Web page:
The Compensation of University Presidents: A Principal-Agent Theory and Empirical Evidence
42 Pages Posted: 7 Aug 2009
Date Written: August 6, 2009
This paper proposes an agency model with moral hazard and adverse selection of the relationship between a university and its president, and constructs a unique dataset to examine the determinants of the compensation of university presidents. In our model, the outcome of interest to the university depends on the unobservable effort and ability of the president, along with a signal of the president’s fit for the position that is unobservable to researchers. We postulate four hypotheses on the basis of our analytical model. First, a president with favorable personality traits is more adept at leading a complex university, so her compensation is increasing in the university’s complexity (stature). Second, due to adverse selection, the president’s compensation is increasing in her ability. Third, for a president with a prior presidency, the stature and size of her past university has a positive effect on her present compensation, since those are signals of ability. Fourth, research-oriented universities offer greater compensation to high ability presidents, due to complementarity between research-related tasks and ability. We collect a sample drawn from 279 private universities spanning the period 2001-2006, yielding a total of 1,011 university-year observations. Using four measures of the university’s stature and five measures of the president’s ability, we find strong support for our first three hypotheses, and obtain mixed results for the fourth hypothesis.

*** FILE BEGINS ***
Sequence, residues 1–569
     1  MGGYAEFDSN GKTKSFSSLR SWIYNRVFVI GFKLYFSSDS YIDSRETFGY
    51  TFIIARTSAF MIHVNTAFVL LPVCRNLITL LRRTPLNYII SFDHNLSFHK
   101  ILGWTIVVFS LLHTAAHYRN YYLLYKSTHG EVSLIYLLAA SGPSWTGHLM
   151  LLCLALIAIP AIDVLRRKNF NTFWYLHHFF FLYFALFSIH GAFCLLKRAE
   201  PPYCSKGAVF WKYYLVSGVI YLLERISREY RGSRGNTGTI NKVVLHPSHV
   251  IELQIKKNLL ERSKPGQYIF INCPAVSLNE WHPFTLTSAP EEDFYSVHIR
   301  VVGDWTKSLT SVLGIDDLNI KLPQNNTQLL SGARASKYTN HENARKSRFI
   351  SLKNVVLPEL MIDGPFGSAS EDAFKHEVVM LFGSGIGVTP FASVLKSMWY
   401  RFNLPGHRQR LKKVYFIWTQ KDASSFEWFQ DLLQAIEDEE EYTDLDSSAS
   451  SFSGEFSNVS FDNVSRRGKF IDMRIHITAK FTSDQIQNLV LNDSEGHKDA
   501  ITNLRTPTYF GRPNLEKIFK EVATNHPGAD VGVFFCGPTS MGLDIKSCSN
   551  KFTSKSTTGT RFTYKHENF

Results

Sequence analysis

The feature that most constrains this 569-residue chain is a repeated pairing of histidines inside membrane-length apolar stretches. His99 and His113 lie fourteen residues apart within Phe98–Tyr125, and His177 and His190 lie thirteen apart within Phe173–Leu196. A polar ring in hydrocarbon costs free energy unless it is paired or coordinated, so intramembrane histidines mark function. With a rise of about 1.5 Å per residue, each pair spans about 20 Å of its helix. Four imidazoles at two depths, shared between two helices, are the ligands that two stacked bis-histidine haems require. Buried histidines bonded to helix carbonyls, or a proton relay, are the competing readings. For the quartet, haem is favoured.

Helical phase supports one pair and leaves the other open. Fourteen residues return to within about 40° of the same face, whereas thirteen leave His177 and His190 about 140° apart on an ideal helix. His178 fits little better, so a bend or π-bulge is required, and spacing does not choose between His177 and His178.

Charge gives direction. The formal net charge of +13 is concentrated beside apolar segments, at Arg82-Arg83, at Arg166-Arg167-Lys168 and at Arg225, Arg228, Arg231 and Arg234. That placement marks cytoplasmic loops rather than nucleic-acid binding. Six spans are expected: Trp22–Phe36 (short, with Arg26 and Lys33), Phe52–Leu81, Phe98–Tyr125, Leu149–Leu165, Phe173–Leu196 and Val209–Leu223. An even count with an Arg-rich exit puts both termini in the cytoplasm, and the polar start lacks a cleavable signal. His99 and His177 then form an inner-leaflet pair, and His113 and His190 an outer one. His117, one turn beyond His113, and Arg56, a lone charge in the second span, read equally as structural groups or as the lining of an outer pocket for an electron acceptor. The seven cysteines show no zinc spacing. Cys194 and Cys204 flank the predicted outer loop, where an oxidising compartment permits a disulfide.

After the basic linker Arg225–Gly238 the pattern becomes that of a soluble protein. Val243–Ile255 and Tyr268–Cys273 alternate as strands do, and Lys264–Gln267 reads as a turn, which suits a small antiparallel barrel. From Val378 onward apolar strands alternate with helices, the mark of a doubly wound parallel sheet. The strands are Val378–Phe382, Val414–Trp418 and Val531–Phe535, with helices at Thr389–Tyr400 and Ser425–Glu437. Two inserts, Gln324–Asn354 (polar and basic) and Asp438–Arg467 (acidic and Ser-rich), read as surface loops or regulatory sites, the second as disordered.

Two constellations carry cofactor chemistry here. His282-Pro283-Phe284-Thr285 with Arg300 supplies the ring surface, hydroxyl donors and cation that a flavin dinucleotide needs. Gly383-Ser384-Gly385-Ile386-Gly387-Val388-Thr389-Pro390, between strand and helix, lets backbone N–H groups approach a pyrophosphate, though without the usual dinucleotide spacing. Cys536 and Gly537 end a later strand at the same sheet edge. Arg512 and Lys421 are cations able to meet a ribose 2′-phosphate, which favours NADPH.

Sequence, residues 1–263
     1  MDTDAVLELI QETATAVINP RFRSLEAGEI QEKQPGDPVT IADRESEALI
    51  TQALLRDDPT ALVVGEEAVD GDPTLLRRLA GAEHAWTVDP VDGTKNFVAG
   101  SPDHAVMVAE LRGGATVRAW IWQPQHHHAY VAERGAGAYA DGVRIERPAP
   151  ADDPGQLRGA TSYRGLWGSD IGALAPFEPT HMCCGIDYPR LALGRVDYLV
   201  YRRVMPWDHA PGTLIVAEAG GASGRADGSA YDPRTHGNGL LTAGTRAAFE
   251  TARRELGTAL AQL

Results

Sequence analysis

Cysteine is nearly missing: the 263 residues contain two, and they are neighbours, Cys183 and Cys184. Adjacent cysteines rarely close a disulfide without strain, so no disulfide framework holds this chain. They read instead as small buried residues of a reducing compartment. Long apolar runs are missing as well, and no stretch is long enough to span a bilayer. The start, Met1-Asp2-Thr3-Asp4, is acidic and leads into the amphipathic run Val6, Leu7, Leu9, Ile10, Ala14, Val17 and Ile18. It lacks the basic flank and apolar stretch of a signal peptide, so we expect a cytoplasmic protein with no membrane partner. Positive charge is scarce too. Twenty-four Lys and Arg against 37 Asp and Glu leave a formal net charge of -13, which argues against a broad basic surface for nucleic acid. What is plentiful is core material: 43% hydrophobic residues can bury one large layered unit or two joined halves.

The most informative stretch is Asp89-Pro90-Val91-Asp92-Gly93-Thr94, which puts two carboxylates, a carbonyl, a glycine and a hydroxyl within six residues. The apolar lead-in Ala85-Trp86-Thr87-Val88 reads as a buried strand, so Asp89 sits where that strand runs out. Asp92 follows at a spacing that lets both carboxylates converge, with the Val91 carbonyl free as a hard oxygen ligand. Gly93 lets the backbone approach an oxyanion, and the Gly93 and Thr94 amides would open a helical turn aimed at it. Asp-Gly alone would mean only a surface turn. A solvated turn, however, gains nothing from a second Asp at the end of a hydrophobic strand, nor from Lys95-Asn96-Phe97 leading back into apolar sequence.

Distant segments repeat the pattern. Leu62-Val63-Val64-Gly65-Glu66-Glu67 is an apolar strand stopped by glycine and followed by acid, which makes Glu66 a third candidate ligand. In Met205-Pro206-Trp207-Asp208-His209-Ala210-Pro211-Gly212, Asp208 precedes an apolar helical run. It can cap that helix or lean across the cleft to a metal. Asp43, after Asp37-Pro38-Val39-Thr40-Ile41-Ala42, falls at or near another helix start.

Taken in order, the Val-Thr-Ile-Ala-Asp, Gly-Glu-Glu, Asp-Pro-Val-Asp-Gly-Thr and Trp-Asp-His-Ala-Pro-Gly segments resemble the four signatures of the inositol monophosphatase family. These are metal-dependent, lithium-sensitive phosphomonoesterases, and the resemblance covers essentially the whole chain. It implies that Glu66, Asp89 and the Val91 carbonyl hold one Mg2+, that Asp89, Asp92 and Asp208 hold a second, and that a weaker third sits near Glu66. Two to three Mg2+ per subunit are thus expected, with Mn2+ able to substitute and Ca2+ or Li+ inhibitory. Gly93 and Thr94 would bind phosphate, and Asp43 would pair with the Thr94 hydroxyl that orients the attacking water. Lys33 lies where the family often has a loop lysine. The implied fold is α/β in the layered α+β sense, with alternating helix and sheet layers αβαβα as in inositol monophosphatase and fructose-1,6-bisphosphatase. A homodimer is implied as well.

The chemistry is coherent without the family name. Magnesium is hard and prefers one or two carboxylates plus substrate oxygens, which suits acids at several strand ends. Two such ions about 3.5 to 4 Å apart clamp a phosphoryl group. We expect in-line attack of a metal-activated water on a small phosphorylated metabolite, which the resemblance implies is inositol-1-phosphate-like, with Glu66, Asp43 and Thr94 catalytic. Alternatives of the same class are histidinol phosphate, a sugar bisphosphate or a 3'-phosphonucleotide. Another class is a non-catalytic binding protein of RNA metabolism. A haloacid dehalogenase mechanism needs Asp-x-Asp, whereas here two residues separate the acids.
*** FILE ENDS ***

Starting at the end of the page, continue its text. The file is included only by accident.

Keywords: adverse selection, moral hazard, executive compensation
JEL Classification: M46
Suggested Citation: Suggested Citation